Your Voice: Better late than never
People may change their plans, but not their goals, and it’s never too late when it comes to self-development and education.
I once received a message from a close and sincere friend congratulating me on an anniversary. I was surprised, at first glance, because the anniversary had been some days earlier. However, my friend’s use of the phrase “better late than never” recognized the delay, and I was thankful to be remembered during such busy times.
While better late than never should not be used to disrespect schedules and commitments, the phrase embodies some important concepts. Many circumstances are beyond our control and can hinder us from achieving our goals. However, we are reminded that there is advantage in resuming work toward objectives that have value, even if we missed the opportunity at an earlier stage.
During my graduation ceremony from university in the U.K., I talked with a fellow graduate seated next to me who appeared to be in her sixties. She explained how she’d dreamed of continuing her education, but had passed through many prolonged life circumstances that consumed much time and energy. Yet when things “normalized,” she resumed her educational journey. “I realized it was the right time to achieve my childhood dream,” she told me.
Better late than never flies in the face of another adage: “You can’t teach an old dog new tricks.” As this mature graduate demonstrated, people may change their plans, but not their goals, and it’s never too late when it comes to self-development and education.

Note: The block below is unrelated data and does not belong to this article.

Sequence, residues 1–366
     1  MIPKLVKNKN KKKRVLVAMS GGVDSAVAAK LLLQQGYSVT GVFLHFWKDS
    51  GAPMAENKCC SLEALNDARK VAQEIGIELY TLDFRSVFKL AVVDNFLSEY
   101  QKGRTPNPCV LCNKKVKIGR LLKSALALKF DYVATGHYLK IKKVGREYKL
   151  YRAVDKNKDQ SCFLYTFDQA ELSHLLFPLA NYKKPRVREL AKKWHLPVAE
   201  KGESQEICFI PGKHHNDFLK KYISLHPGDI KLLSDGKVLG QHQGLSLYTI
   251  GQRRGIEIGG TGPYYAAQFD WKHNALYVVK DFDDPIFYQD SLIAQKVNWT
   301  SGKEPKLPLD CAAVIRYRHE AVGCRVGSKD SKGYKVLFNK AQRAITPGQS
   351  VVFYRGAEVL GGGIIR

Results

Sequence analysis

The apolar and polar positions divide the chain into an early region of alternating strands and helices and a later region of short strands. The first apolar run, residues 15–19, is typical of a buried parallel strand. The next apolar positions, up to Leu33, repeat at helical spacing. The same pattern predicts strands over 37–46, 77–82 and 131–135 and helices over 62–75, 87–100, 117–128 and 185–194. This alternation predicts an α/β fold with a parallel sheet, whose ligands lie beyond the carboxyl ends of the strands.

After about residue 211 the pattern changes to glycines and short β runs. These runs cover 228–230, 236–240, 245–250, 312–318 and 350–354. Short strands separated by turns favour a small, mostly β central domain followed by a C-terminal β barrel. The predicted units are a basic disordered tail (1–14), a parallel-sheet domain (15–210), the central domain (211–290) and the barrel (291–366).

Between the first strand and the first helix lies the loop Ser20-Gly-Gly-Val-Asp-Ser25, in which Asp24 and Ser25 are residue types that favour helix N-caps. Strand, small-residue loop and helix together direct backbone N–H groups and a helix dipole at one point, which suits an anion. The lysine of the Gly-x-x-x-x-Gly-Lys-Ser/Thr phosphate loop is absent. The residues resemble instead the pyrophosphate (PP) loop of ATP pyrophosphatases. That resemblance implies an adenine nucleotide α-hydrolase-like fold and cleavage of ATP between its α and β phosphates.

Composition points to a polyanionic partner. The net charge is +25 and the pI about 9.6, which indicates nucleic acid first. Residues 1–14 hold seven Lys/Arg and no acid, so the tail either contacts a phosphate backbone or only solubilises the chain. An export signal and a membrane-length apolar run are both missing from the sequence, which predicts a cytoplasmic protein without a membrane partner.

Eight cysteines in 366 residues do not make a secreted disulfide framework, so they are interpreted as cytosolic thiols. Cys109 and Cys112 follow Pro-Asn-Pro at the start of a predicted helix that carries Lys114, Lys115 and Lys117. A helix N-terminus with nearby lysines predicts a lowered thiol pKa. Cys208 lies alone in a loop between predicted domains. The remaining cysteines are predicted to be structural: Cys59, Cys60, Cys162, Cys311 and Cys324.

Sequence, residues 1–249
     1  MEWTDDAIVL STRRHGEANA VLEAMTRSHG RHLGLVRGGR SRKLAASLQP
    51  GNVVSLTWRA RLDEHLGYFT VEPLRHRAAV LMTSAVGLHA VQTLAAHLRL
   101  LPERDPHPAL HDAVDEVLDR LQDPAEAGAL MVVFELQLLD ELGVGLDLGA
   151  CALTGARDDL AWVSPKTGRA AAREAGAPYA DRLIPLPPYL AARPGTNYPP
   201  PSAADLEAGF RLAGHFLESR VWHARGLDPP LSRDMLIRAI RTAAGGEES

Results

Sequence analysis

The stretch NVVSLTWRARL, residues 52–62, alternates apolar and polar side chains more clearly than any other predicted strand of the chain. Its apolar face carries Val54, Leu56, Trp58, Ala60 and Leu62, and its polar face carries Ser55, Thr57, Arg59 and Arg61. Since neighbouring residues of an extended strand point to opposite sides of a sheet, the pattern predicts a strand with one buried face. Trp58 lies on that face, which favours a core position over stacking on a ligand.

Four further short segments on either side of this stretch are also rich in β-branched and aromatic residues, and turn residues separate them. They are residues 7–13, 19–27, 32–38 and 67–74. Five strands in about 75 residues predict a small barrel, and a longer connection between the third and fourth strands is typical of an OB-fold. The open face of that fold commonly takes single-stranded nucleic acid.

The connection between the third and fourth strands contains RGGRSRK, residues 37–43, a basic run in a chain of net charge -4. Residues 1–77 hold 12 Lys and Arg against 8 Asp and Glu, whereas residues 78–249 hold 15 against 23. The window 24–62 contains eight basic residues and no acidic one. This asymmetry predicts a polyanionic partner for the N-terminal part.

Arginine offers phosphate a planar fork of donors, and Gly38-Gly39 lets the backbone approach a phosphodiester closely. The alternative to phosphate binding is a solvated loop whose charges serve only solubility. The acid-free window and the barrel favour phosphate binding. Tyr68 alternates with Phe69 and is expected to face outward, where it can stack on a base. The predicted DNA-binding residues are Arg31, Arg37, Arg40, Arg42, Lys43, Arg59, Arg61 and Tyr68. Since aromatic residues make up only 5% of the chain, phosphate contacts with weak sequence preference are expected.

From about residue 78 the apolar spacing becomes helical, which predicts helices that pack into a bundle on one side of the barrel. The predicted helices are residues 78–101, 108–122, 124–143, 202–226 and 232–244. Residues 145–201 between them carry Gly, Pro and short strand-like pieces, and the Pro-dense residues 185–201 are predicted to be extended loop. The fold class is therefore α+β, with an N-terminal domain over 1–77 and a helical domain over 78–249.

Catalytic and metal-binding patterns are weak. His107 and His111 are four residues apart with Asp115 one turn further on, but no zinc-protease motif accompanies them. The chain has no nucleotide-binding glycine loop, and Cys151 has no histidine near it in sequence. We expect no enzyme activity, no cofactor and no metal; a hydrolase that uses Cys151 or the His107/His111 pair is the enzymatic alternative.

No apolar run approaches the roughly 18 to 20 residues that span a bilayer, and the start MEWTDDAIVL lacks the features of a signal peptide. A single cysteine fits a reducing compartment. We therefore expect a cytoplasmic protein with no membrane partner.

Conversely, the better late than never concept may help us to stop doing something. For example, some of our behaviors or thoughts may no longer be appropriate or correct — even those we’ve held on to for many years. It can be challenging to accept that we need to change, but carrying on regardless should be seen as more problematic. A single step on a new and better path can lead to a great sense of comfort and confidence.
While better late than never may sometimes be used with a degree of sarcasm to remark on someone's tardiness, it is perhaps wiser to afford this phrase a little more gravity. We should look to the positives and turn our reaction from one of blame and shame to respect and appreciation.
Your Voice reflects the thoughts and opinions of the writer, and not necessarily those of the publication.